The knowledge dynamics of teaching profession have already changed when the infromation era began. Today teacher learning should focus on all areas of pedagogical knowledge, emphasize connecting reseearch to practice, and support teachers’ ownership of their practice [3].

 

Please see the other blog posts about this topic:

Deep Learning   focuses on understanding connections in the contect, and aims to create permanent knowledge studenture by relating new information with existing one. This is a learning approach that can be fostered among learers of all ages.

Learning: Process or product?  Learning happens all the time, everywhere, yet we try to make formal learning different from all other learning experiences. Maybe we shouldn’t.

Self-Determination in Learning  is like SDT in any other situation: it requires autonomy, relatedness and competency. This is also the premise of gamification to work in education.

Importance of Choices Having choices is the prerequisite for ownership. Optimal level of structure and choicesin classroom increases meaningful learning experiences and teacher-student interactions.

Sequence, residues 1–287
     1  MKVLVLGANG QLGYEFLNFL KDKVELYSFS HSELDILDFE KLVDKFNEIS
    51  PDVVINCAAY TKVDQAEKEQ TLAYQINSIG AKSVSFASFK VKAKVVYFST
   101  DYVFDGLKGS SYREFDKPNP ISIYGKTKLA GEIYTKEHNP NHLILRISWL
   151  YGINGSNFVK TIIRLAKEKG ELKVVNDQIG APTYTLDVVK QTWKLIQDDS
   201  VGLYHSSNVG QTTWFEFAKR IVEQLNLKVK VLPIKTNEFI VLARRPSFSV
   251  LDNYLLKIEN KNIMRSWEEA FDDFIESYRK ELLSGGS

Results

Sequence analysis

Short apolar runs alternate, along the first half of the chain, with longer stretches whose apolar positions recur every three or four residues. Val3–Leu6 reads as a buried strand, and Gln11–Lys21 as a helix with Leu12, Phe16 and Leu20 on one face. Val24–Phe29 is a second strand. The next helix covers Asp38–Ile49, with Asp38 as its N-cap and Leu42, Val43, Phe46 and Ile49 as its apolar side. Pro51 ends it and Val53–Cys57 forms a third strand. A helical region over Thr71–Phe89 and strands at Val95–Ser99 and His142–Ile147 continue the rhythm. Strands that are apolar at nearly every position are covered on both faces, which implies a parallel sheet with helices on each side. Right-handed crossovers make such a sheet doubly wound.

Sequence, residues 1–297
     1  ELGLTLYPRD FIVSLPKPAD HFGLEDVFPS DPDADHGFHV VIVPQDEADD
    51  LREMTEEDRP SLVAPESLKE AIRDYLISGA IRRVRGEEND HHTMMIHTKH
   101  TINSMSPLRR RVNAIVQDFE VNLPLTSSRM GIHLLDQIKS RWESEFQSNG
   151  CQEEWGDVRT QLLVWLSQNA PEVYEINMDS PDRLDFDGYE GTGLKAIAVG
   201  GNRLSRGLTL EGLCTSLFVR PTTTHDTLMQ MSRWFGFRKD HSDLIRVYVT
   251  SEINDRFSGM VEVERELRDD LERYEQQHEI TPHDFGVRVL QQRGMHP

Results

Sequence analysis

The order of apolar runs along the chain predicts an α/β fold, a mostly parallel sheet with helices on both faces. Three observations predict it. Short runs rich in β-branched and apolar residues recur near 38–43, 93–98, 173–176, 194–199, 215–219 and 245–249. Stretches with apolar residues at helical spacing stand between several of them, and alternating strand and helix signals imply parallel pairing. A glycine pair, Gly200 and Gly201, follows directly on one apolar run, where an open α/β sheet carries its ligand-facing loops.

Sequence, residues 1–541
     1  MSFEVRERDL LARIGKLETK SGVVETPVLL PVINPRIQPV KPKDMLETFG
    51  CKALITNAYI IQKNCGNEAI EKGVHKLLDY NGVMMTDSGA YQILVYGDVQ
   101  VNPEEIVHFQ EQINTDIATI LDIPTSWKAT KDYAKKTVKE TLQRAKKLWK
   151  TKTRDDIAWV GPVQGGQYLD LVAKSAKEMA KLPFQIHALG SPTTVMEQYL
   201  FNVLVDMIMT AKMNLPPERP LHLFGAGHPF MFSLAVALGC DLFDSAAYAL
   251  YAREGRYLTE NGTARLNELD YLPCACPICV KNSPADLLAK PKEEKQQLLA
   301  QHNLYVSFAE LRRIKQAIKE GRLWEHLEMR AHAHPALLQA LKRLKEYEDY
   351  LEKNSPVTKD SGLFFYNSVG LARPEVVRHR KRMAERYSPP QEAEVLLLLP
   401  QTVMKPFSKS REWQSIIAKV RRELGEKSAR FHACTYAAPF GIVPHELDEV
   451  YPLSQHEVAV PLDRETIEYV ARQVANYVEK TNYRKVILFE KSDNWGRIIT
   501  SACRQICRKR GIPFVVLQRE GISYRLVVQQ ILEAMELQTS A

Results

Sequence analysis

Learner Agency  improves the quality of students’ engagement in their own learning process. Without engagemnt there is not much learning happening.

 

 

[1] Sonmark, K. et al. (2017), “Understanding teachers’ pedagogical knowledge: report on an international pilot study”, OECD Education Working Papers, No. 159, OECD Publishing, Paris. http://dx.doi.org/10.1787/43332ebd-en

[2] Illeris, K. (2018). A comprehensive understanding of human learning. Contemporary Theories of Learning, 1-14.

[3] Révai, N., & Guerriero, S. (2017). Knowledge dynamics in the teaching profession.  In S. Guerrera (Ed.).  Pedagogical knowledge and the changing nature of the teaching profession, 37-72.  OECD Publishing  (the whole book is available for download)

Informal learning improves the learning process

30 Jun

We, who work in formal education systems – teachers, faculty, administrators, and so on –  tend to have an overly serious view of learning. Sometimes we seem to think that formal learning experiences are the only real learning experiences, and that learning only happens when there is a teacher to document it.

I looked into my old posts and realized that I blogged about that last year, too. This is a really scary thought:

If learn

Formal learning – the learning that happens in educational systems – is learning that is measured with standards and learning objectives to be met.  For formal learning it is really important what students learn, and that students in some form reproduce the material provided for them. For informal learning to happen it is more important that students know how to learn – so that they can learn from any kind of interactions, where ever they happen to be.